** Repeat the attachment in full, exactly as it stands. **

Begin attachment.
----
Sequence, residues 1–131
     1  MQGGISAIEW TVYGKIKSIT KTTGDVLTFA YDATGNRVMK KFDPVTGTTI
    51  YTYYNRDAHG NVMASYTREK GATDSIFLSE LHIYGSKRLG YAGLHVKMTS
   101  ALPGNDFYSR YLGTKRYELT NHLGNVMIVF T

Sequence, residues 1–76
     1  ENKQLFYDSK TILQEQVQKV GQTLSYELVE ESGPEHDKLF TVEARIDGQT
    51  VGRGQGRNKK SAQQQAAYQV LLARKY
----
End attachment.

Sequence, residues 1–131
     1  MQGGISAIEW TVYGKIKSIT KTTGDVLTFA YDATGNRVMK KFDPVTGTTI
    51  YTYYNRDAHG NVMASYTREK GATDSIFLSE LHIYGSKRLG YAGLHVKMTS
   101  ALPGNDFYSR YLGTKRYELT NHLGNVMIVF T

Sequence, residues 1–76
     1  ENKQLFYDSK TILQEQVQKV GQTLSYELVE ESGPEHDKLF TVEARIDGQT
    51  VGRGQGRNKK SAQQQAAYQV LLARKY